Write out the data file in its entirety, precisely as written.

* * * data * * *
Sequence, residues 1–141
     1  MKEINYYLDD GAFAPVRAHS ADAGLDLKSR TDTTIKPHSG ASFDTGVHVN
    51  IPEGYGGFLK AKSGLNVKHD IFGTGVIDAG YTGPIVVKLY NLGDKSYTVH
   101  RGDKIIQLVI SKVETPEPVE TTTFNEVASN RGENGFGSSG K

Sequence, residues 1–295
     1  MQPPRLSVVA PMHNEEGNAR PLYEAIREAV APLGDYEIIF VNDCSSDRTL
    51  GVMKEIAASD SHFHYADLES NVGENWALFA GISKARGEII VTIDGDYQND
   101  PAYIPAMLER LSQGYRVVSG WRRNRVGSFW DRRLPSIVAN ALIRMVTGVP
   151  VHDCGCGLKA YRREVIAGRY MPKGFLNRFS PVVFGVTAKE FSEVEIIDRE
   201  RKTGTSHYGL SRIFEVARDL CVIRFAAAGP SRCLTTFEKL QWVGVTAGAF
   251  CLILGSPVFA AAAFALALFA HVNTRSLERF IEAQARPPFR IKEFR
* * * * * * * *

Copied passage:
Sequence, residues 1–141
     1  MKEINYYLDD GAFAPVRAHS ADAGLDLKSR TDTTIKPHSG ASFDTGVHVN
    51  IPEGYGGFLK AKSGLNVKHD IFGTGVIDAG YTGPIVVKLY NLGDKSYTVH
   101  RGDKIIQLVI SKVETPEPVE TTTFNEVASN RGENGFGSSG K

Sequence, residues 1–295
     1  MQPPRLSVVA PMHNEEGNAR PLYEAIREAV APLGDYEIIF VNDCSSDRTL
    51  GVMKEIAASD SHFHYADLES NVGENWALFA GISKARGEII VTIDGDYQND
   101  PAYIPAMLER LSQGYRVVSG WRRNRVGSFW DRRLPSIVAN ALIRMVTGVP
   151  VHDCGCGLKA YRREVIAGRY MPKGFLNRFS PVVFGVTAKE FSEVEIIDRE
   201  RKTGTSHYGL SRIFEVARDL CVIRFAAAGP SRCLTTFEKL QWVGVTAGAF
   251  CLILGSPVFA AAAFALALFA HVNTRSLERF IEAQARPPFR IKEFR